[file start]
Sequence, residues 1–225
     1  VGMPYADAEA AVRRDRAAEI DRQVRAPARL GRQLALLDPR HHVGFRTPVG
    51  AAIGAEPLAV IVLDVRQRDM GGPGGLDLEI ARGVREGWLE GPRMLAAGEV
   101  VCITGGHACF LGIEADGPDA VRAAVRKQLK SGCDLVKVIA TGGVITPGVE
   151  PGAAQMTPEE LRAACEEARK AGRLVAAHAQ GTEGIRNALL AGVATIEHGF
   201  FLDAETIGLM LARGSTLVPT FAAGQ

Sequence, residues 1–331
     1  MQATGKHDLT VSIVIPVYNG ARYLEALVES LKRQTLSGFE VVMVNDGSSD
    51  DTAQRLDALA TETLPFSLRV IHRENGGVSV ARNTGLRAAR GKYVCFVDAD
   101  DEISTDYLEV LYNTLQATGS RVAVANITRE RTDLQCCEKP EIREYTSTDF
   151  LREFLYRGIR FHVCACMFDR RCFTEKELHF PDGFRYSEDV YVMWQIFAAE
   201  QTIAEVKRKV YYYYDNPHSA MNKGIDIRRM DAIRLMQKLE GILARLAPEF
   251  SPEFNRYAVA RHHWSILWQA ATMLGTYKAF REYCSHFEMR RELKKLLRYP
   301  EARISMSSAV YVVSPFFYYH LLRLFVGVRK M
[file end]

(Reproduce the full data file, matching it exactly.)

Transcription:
Sequence, residues 1–225
     1  VGMPYADAEA AVRRDRAAEI DRQVRAPARL GRQLALLDPR HHVGFRTPVG
    51  AAIGAEPLAV IVLDVRQRDM GGPGGLDLEI ARGVREGWLE GPRMLAAGEV
   101  VCITGGHACF LGIEADGPDA VRAAVRKQLK SGCDLVKVIA TGGVITPGVE
   151  PGAAQMTPEE LRAACEEARK AGRLVAAHAQ GTEGIRNALL AGVATIEHGF
   201  FLDAETIGLM LARGSTLVPT FAAGQ

Sequence, residues 1–331
     1  MQATGKHDLT VSIVIPVYNG ARYLEALVES LKRQTLSGFE VVMVNDGSSD
    51  DTAQRLDALA TETLPFSLRV IHRENGGVSV ARNTGLRAAR GKYVCFVDAD
   101  DEISTDYLEV LYNTLQATGS RVAVANITRE RTDLQCCEKP EIREYTSTDF
   151  LREFLYRGIR FHVCACMFDR RCFTEKELHF PDGFRYSEDV YVMWQIFAAE
   201  QTIAEVKRKV YYYYDNPHSA MNKGIDIRRM DAIRLMQKLE GILARLAPEF
   251  SPEFNRYAVA RHHWSILWQA ATMLGTYKAF REYCSHFEMR RELKKLLRYP
   301  EARISMSSAV YVVSPFFYYH LLRLFVGVRK M